Monday, May 18, 2015

Caroline Atoll

Sea turtle photo by Heidi Hirsch
            As the constellations faded away among rose-tinged cumulus clouds this morning, we saw it. Caroline Atoll, Millennium Atoll, Karorina—whatever you call it, the tiny atoll is a top contender for being the most pristine and remote place on earth. I watched the ship approach it from halfway up the foremast, and could see several dense green strips of land embroidered by sand. It could have been a postcard for a tropical getaway—except there are no people on Caroline. On the open sea a gathering of more than a few seabirds at a time was a spectacle, but boobies, turns, frigatebirds, and others fly above Caroline Atoll by the hundreds.
            It took us several hours to anchor, because the sea floor drops off so steeply. We finally made a temporary anchorage close to the reef, and a group of students working on reef-related research projects were the first to enter the water. The reef here is a snorkeler’s paradise. The coral crackles a loud symphony below the surface, and covers almost every inch of the bottom. Sharks and fish are everywhere. A few later groups saw large yellowfin tuna, others saw turtles. Some fish and other animals we saw are larger than our smallest student. Even the professors were amazed. This reef makes Tahiti and Rangiroa look bland by comparison.
            Everybody on the ship got 30-50 minutes in the water, but the presence of one the world’s most isolated coral reefs is not enough to stop the day-to-day running of the ship. Most of us are at the point where can set and strike sails without a mate supervising. The togetherness of our 38-person universe coalesces more each day. If I don’t know a knot or seaman’s term, I can count on my fellow students to help me (B watch!) Phrases like “Haul away fisherman halyard” or “Get the pig blanket from the wet lab” make perfect sense to us by now. Everyone has acted as somebody’s alarm clock, everyone has squeegeed the sole (floor), everyone has become familiar with the engine room’s many gauges and valves, and everyone knows how to deploy a net 600 meters below the ocean’s surface. It has been five days since I’ve seen any sign of human life outside the ship, aside from occasional satellites at night. We count on each other because we have to, but also because we’re coming to trust each other and our own abilities more each day.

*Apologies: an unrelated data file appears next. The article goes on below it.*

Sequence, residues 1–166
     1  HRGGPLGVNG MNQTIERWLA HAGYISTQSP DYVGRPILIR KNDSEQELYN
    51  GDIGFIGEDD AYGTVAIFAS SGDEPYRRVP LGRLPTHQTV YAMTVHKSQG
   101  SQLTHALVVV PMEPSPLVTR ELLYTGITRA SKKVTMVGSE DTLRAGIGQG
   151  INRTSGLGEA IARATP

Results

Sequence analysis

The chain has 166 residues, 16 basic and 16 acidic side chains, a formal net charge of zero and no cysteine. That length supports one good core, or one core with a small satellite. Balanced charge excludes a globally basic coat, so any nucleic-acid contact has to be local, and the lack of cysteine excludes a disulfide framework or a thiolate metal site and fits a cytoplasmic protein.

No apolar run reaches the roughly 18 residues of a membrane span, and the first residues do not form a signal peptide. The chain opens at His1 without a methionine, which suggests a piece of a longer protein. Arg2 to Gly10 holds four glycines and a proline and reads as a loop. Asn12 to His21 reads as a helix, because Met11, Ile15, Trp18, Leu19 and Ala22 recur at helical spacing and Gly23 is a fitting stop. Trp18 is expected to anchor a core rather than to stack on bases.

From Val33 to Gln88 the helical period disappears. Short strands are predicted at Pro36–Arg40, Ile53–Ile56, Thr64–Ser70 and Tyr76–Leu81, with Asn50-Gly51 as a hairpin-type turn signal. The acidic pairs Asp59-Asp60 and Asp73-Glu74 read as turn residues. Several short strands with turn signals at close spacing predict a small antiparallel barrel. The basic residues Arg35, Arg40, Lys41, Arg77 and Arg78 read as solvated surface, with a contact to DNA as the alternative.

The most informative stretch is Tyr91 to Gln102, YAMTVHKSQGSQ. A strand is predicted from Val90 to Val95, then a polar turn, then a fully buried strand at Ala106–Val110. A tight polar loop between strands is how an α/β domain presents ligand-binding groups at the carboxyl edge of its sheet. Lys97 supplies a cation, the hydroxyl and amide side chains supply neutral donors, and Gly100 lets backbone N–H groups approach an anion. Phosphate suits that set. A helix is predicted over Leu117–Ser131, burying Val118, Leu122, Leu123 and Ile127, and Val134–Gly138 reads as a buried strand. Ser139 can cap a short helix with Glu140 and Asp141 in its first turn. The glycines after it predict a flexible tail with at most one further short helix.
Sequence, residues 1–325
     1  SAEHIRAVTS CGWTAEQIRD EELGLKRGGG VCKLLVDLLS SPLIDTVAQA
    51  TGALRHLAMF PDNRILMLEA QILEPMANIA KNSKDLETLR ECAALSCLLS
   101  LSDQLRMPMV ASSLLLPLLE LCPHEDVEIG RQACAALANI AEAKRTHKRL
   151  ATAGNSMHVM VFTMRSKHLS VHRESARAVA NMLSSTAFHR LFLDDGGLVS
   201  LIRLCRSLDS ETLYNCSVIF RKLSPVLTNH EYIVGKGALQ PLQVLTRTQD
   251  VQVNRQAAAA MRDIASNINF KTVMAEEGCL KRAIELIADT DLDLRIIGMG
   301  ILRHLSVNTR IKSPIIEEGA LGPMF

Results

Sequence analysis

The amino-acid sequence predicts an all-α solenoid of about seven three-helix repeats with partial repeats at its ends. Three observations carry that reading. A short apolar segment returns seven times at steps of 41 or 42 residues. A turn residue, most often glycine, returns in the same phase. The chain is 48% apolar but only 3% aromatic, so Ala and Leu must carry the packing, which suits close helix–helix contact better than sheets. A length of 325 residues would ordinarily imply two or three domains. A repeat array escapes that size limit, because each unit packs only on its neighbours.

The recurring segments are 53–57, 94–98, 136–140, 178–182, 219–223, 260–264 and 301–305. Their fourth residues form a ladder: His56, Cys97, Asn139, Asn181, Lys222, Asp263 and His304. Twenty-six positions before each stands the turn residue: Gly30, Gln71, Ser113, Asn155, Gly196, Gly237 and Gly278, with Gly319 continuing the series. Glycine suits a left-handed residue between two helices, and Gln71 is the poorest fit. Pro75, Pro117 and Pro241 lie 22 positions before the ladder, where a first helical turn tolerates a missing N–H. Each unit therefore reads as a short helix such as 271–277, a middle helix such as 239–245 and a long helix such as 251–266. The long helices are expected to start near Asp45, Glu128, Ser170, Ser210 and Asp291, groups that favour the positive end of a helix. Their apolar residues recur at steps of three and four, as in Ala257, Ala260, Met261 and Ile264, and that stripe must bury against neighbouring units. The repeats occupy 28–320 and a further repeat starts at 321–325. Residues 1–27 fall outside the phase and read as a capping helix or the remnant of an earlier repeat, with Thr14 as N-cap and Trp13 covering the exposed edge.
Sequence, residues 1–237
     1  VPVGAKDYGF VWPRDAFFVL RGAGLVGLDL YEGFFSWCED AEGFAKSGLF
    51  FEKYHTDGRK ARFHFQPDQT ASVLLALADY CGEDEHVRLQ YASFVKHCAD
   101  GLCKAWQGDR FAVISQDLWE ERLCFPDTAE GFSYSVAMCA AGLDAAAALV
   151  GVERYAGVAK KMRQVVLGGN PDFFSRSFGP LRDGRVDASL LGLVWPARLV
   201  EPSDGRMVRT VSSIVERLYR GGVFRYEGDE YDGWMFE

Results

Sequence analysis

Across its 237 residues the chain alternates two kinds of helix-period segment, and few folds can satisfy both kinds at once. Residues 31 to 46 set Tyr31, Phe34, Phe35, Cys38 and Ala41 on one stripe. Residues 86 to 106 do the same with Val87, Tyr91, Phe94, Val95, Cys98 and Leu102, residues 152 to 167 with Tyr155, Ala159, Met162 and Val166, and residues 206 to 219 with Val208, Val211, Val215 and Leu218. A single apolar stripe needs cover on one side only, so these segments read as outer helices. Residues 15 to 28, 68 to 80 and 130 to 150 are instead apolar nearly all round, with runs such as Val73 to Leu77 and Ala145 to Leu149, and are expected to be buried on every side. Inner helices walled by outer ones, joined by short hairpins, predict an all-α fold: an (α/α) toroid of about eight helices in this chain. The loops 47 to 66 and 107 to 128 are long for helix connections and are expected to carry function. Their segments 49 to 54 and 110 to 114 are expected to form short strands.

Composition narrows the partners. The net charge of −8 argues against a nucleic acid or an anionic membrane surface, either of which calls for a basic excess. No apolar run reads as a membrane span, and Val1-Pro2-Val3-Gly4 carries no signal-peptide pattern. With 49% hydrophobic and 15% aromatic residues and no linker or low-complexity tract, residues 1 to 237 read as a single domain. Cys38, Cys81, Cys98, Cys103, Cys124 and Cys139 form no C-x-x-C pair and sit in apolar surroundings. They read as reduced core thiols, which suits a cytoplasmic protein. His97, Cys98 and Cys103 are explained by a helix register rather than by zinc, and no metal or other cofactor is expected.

Hoping all is well back home,

-Sierra Garcia

1 comment:

Dita Hutchinson said...

Loved your blog and photos! What an amazing adventure - thanks for sharing all the details with the folks back home, living vicariously through your posts :)